Passion and Awe, by Anthony D. Fredericks

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A Monthly Column by Anthony D. Fredericks

Passion and Awe

grand-canyonI stood on the brink, a palette of colors splayed before me like a surrealistic painting. It was just before 6:00 a.m., and I was alone—lost in a vision unlike anything else I had ever seen. The panoramic spectacle before me had been played a thousand times before . . . no, a million times before . . . but never in this manner and never before these eyes. I was without words. I was transfixed. I was stilled by unimaginable beauty.

I was perched on the south rim of the Grand Canyon, watching a sunrise sweep up and over geological monoliths and multi-chromatic rocks—painting the rugged horizon with flashes, blushes, and a moving panache of hued encounters and tinted strokes. The pigments were disparate, but precise; random, yet artistic. My breath was stilled and my mind calmed as I watched the sun begin its daily arc over this enchanted and ancient landscape.

I was in awe!

For her 70th birthday, I had brought my wife to the edge of the Grand Canyon—her first encounter with this transformative geological carving. After an overnight train ride from Chicago, we checked into a refurbished cabin perched along the precipice of the Canyon—a room with both a view and an experience. That first morning of our (ad)venture, I rose early, walked less than 25 feet to the edge of the abyss, and observed a world unlike any other. My laptop stayed closed, but my mind and eyes were gaping with both wonder and reverence. I was swallowed by a vision unlike any other . . . a vision without equal, without measure.

wow in speech bubbleMany times, in writing workshops or conference presentations, I am asked about my inspiration for writing. I always smile and say that two conditions must be present before I can write a story: passion and awe. Although my specialty is nonfiction writing, I do not write about animals, or nature, or environmental concerns. I write about the sentiments those constructs engender. If I look at a mountain lake, a croaking bullfrog, or a redwood forest and am not overwhelmed with passion and awe, then there is no writing . . . or, more precisely, there is no incentive to share that scene with young readers. Writing is not telling readers about what I see or what I researched, it is about getting youngsters interactionally engaged in the deep dynamics of the subject. My emotional connection to the scenes I describe with letters, words, and sentences must be passionately evident and fervidly detailed. It must be embraced—not just read—by the audience.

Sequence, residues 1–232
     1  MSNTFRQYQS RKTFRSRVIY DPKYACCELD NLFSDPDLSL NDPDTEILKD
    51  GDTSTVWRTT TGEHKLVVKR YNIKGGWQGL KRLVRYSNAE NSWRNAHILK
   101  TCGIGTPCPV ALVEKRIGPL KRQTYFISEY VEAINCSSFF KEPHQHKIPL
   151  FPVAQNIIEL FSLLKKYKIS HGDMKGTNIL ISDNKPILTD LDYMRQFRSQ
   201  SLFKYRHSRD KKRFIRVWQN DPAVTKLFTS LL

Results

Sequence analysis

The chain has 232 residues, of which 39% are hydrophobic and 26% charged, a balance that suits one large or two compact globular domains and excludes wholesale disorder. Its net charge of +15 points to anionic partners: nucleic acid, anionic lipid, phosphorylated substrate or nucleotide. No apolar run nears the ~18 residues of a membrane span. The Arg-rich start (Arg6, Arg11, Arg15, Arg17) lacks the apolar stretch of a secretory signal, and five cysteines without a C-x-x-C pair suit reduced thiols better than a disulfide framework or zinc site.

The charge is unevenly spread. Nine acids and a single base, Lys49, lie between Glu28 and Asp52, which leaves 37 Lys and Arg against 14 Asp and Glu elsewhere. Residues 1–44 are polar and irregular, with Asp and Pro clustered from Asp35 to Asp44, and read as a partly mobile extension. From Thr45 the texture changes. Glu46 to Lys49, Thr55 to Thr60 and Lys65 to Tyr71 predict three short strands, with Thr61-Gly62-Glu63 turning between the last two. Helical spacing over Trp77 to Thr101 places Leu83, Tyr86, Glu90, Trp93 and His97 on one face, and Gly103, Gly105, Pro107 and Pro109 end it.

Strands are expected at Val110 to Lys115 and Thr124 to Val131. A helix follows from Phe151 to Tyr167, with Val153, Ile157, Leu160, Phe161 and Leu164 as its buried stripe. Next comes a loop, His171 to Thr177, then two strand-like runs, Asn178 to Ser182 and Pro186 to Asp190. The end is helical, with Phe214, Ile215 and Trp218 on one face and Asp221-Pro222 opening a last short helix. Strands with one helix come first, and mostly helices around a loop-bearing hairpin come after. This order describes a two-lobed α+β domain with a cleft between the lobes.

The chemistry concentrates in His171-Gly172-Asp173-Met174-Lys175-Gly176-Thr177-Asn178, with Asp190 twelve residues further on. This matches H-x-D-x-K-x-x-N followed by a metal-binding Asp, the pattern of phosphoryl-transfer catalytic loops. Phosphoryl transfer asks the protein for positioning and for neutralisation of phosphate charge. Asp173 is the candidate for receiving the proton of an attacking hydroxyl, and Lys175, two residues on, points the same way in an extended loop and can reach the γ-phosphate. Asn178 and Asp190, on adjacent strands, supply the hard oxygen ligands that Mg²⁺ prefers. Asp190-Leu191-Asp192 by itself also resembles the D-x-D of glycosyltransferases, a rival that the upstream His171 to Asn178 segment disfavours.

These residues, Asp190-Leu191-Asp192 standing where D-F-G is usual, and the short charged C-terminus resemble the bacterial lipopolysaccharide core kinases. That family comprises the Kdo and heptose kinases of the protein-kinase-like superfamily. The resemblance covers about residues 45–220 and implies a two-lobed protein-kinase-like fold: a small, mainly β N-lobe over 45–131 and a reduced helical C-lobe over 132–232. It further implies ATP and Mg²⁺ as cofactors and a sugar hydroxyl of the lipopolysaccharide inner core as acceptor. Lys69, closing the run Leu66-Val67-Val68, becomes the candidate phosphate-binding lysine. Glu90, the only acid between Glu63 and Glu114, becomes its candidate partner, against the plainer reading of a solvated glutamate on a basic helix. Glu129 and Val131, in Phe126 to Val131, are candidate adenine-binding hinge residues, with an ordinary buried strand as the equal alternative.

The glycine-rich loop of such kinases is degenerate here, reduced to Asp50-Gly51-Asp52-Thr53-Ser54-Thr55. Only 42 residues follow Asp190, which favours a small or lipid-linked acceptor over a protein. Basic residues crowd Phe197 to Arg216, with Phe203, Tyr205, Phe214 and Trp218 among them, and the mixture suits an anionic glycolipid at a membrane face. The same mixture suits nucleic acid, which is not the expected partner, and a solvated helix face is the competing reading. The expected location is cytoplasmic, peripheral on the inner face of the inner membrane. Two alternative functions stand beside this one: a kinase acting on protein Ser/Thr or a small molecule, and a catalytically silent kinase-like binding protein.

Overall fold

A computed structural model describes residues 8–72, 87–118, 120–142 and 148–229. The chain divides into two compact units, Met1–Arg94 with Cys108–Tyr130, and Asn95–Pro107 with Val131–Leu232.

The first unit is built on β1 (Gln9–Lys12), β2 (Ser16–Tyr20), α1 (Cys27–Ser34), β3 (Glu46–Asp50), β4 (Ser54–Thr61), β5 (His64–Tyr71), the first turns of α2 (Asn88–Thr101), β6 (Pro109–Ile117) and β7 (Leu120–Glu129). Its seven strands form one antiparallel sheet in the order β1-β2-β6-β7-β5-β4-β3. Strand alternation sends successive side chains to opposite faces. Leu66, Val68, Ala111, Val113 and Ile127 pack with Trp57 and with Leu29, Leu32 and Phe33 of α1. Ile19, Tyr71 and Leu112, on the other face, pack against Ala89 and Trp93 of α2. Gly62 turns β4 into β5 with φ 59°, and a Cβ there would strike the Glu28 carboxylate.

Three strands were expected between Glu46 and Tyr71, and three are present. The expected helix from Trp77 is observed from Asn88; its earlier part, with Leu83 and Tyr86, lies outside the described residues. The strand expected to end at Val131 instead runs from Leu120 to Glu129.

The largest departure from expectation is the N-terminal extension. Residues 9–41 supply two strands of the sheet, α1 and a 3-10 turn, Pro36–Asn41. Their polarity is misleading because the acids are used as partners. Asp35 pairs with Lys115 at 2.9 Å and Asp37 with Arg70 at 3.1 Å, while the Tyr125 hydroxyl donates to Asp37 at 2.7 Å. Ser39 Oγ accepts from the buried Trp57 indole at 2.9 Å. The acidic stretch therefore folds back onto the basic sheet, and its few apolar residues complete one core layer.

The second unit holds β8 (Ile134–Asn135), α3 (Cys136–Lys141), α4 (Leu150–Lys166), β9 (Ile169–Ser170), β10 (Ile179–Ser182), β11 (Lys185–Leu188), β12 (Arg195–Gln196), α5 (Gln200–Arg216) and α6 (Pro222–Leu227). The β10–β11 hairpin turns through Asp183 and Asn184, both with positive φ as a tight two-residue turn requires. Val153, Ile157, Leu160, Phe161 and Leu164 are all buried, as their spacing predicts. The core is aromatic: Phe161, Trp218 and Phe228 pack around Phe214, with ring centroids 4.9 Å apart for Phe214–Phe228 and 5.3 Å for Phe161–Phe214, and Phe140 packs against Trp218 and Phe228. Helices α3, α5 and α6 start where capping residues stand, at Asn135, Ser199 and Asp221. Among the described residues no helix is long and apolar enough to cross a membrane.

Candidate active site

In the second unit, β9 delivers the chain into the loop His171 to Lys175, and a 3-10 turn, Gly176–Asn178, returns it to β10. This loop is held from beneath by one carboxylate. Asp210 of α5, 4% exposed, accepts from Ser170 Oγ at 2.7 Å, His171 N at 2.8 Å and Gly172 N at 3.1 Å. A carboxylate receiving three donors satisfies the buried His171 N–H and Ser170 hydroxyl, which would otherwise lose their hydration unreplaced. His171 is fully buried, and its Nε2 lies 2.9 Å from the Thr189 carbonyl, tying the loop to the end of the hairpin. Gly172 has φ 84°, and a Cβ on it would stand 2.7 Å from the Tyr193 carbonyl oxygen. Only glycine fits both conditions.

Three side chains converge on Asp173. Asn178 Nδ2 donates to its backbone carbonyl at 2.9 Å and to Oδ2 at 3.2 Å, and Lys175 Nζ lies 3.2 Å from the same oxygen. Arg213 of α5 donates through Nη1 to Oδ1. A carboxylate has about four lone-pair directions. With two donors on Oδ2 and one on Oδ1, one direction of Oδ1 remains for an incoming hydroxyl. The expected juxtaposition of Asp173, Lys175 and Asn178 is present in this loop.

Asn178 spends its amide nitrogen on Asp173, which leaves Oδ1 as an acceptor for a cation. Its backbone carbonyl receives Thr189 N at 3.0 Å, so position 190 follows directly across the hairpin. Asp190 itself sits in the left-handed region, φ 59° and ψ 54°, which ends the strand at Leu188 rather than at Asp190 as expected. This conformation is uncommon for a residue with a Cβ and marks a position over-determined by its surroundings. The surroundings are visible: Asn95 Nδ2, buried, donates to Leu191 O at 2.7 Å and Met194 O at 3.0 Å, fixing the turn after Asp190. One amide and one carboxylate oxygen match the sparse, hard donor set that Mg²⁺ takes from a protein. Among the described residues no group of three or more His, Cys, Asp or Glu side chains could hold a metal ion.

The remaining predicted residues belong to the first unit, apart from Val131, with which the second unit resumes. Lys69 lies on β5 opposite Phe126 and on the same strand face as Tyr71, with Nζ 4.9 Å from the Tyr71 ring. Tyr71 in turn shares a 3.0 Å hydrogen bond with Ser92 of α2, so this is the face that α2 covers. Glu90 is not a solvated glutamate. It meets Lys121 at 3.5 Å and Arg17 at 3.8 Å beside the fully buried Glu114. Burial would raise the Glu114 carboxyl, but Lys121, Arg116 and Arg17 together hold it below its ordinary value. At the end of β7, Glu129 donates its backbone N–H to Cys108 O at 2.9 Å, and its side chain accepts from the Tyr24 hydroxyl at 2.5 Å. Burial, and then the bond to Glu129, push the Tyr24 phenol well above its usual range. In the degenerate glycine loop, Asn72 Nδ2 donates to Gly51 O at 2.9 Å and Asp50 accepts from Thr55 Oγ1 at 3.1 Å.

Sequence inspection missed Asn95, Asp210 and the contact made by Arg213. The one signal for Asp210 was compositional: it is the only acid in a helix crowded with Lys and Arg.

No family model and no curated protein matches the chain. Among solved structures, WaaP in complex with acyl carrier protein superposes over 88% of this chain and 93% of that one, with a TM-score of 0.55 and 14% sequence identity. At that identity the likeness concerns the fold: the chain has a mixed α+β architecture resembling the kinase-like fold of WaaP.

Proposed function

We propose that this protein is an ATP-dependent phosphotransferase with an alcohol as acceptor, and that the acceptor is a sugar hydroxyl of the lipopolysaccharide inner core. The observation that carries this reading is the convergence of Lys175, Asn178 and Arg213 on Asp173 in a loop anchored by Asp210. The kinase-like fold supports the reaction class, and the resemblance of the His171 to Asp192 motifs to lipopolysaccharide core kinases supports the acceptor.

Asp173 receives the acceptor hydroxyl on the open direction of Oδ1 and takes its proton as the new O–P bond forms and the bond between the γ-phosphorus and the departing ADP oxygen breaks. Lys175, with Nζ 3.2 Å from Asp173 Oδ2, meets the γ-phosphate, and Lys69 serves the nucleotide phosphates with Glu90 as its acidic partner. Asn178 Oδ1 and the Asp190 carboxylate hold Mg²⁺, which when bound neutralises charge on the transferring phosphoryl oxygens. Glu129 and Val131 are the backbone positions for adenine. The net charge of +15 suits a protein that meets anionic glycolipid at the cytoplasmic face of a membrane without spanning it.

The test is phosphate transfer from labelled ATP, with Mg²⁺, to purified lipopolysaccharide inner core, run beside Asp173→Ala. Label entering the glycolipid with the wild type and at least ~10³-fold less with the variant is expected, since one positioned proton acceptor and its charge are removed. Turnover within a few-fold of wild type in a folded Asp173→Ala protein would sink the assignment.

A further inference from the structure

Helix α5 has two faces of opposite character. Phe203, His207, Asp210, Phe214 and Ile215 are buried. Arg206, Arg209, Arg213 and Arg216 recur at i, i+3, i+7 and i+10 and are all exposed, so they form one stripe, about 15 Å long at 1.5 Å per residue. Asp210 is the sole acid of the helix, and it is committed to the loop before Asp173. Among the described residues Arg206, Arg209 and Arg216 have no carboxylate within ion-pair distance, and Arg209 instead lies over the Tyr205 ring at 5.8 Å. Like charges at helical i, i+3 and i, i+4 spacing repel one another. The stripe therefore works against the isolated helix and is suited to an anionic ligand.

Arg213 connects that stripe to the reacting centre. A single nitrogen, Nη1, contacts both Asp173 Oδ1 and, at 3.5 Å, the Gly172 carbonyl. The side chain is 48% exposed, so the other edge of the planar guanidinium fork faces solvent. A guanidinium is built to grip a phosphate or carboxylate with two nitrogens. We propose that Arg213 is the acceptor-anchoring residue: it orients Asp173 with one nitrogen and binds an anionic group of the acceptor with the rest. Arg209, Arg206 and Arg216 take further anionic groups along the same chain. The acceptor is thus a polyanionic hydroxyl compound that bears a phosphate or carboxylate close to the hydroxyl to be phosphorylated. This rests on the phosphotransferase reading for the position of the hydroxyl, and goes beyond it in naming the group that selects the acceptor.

man writing on pad of paperAnne Lamott, in her classic book Bird by Bird writes, “I honestly think in order to be a writer, you have to learn to be reverent. If not, why are you writing? Why are you here? Let’s think of reverence as awe, as presence in and openness to the world. The alternative is that we stultify, we shut down.” Writers, according to Lamott, don’t write about things; they write with things. They share insights, they share glimpses into the soul of their subjects—whether those subjects are riddled with teenage angst, wrestling with life-altering decisions, soaring over forests of towering redwoods, or hiding in the nooks and crannies of a vanishing coral reef. Nonfiction or fiction—without passion and awe we simply write words, rather than sharing the wonder of seeing things anew or the joy of moving beyond “our small, bordered worlds.”

grand canyon with shadowsMy experiences with the magnificence of dawn along the rims and rocks of the Grand Canyon that morning resulted in a children’s picture book manuscript—Hello Grand Canyon—currently under review by several publishers. I was inspired by the ever-changing palette of shades and paints that crept over the geography of northern Arizona but knew that mere words would never capture the sentience of that time-worn environment. My written symbols had to be wrapped in vibrant layers of passion and awe; they needed the natural enthusiasm of my targeted audience to achieve their intention. Without passion and awe, they are simple linguistic sentinels, rather than shared emotions and vibrant connections.

The shape of words is insignificant; but their tenor paramount.

__________________

Tony Fredericks in woodsA retired professor of education and resident of York, PA, Tony (www.anthonydfredericks.com) is an award-winning writer of more than 50 children’s books. He is also the author of Writing Children’s Books: Everything You Need to Know from Story Creation to Getting Published (https://amzn.to/2AsNmWw).

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3 Responses to Passion and Awe, by Anthony D. Fredericks

  1. rosecappelli says:

    Thank you for this wonderful post, Anthony. I felt your passion and awe not only for the beauty you experienced, but for the work you do in writing and the love you have for your wife. What a perfect birthday gift!

  2. Tim says:

    In a world of bullet points that we are all forced into, It is refreshing to read words for their descriptive beauty. Something as ancient as the Grand Canyon, something refreshing and new can come from the artistic words that a person can write. It is worth the time.

  3. Pingback: Write What You Know. NO!, by Anthony D. Fredericks | EasternPennPoints

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